Regarding quality, the Obama administration took a strong step in the right direction last week with its new overtime rule making millions more low- and mid-wage workers eligible for time-and-a-half when they work over 40 hours per week. In this post, I’d like to talk about another institution that’s absolutely critical for job creation and the reaching our destination of full employment: the Federal Reserve.
The Fed’s fingerprints were all over the government’s response to the Great Recession and recovery that followed. Economists Alan Blinder and Mark Zandi estimate that the financial policy response to the downturn, of which Fed monetary policy was a key component, raised employment by more than 12 million jobs compared to a scenario without such aggressive interventions.
Though there will always be critics, the broad consensus among economists is not only did the Fed perform its countercyclical function well in the recession, but since around 2010, when the tea-party-addled Congress checked out on economic (and most other) policy, the Fed’s also been the only game in town.
Lately, however, its campaign to “normalize” the interest rate it controls — i.e., raise it back up to where it usually is at this point in an economic expansion — has been criticized by some Fed watchers, especially those of us who a) worry that Fed rate hikes will block to the path to full employment, which we still haven’t reached, b) want to see less-advantaged workers benefit from growth, and c) see little in the way of inflationary threats.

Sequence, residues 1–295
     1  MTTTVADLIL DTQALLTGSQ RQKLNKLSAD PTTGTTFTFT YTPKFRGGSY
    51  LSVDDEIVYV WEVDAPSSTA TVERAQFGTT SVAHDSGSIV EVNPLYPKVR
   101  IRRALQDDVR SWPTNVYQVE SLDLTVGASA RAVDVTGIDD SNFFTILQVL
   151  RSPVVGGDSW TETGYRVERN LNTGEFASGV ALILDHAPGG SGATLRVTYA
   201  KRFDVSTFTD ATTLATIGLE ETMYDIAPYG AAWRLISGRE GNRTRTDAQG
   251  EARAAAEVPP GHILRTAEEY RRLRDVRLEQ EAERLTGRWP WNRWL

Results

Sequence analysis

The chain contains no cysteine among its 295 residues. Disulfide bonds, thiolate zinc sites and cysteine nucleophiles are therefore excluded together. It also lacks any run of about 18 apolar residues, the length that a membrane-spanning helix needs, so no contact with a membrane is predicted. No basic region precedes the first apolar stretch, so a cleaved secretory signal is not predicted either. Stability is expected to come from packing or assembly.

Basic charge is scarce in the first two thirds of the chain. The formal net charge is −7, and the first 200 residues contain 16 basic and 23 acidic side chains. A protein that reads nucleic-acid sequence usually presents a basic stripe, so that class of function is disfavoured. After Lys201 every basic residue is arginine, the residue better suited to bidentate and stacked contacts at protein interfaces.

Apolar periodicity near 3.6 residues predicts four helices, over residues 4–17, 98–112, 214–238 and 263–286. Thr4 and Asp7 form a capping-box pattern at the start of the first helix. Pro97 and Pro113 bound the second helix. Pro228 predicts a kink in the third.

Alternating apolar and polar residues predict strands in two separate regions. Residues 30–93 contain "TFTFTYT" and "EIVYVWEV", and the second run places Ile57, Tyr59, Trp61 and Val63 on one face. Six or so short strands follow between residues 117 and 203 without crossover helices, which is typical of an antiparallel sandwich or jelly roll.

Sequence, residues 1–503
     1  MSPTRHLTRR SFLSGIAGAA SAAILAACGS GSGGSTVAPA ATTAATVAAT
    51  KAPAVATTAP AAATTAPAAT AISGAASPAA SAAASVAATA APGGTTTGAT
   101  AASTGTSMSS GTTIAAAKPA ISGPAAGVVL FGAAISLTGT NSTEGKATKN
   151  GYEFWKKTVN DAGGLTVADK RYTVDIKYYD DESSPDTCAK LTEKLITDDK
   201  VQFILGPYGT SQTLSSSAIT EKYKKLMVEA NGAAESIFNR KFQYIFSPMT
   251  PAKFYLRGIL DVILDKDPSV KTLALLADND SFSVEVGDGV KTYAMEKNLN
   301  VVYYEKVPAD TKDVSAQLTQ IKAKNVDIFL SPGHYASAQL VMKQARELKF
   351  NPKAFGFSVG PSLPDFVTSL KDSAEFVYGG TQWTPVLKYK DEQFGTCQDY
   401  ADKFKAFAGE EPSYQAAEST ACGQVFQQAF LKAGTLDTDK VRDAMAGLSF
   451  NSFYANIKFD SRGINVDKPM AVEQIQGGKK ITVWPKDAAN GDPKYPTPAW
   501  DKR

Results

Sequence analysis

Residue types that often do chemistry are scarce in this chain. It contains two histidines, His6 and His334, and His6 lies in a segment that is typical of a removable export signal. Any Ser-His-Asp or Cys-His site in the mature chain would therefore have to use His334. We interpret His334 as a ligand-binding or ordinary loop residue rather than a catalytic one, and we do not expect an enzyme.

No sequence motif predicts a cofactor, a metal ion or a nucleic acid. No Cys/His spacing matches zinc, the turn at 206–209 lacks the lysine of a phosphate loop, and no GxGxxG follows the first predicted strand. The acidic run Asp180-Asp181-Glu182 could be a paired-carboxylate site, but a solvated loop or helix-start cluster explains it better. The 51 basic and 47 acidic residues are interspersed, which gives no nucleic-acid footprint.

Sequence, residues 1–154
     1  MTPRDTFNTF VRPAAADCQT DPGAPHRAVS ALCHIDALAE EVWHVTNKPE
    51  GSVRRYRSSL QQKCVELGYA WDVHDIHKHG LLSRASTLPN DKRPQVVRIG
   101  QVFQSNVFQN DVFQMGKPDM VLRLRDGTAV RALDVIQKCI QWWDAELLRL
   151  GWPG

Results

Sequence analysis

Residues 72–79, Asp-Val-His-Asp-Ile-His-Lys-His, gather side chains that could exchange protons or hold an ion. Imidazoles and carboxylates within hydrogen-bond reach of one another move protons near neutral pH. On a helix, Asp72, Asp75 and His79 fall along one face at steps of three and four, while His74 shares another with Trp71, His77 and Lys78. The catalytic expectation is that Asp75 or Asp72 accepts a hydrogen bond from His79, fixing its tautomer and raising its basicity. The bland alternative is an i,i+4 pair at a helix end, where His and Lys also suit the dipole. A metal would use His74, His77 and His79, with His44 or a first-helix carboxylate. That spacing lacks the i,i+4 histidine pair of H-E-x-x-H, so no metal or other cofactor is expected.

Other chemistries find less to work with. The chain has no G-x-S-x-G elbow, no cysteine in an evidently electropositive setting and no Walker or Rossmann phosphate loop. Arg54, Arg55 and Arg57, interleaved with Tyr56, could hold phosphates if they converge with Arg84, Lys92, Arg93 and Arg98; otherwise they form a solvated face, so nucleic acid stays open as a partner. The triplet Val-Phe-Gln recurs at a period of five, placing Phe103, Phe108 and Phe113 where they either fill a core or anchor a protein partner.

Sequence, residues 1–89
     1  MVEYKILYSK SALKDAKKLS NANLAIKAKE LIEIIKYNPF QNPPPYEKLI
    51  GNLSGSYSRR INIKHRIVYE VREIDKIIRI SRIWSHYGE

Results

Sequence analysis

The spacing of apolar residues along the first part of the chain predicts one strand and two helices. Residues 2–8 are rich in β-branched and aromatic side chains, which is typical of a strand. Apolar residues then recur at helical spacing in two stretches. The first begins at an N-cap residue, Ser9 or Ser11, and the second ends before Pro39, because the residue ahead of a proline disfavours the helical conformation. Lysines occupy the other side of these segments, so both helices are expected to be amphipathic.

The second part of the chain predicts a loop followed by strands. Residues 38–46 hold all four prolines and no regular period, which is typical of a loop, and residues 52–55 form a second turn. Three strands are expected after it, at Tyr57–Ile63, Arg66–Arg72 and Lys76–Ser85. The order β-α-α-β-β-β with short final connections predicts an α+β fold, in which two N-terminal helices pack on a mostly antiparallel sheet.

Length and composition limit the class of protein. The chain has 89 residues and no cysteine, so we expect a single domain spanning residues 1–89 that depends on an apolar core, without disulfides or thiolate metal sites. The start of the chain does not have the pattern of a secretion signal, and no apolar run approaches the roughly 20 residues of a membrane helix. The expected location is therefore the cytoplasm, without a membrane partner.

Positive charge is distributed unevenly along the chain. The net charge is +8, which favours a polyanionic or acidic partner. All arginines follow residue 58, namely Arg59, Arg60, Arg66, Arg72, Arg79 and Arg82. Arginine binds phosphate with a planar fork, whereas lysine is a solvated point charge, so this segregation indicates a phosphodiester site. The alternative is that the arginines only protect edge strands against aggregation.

For Fed officials who’ve spoken out on this point, like Jeffrey Lacker in this recent interview, the rationale for hiking seems to come from a somewhat vague sense that rates have been low long enough and the U.S. economy, if not many others, is finally firming up.
Meh. I’m not a central banker, but some this sounds like what I think of as MONETary policy, more impressionism (“getting behind the curve,” “reducing uncertainty,” rates are below where they “ought to be”) than hard-core analysis of the key relations between the variables in question.
If I wanted to justify a rate hike, I’d examine two fairly clear, observable trends: slightly faster wage growth and slower productivity growth.
The former, which I discuss/show here, potentially drives inflation in a pretty intuitive way. As employers’ labor costs rise, to maintain their profit margins they either have to raise prices or productivity (produce more output per hour). But given slower productivity growth — it’s been notoriously sluggish in recent years — that latter absorption mechanism is constrained (of course, the productivity slowdown represents an average across firms and sectors, so some firms can likely pursue this offset while other cannot).
Back in the latter 1990s, when the job market was tightening and wages were starting to catch a real buzz, many economists were pushing Fed chair Alan Greenspan to raise interest rates. But he recognized that faster productivity growth could allow for noninflationary wage growth and, to his credit, ignored their warnings. The unemployment rate eventually fell to 4 percent, inflation was “well-behaved,” and a lot of low-wage workers finally saw some serious real wage gains (e.g., the 20th percentile real wage rose 11 percent, 1995-2000; over the past five years, it’s down 4 percent).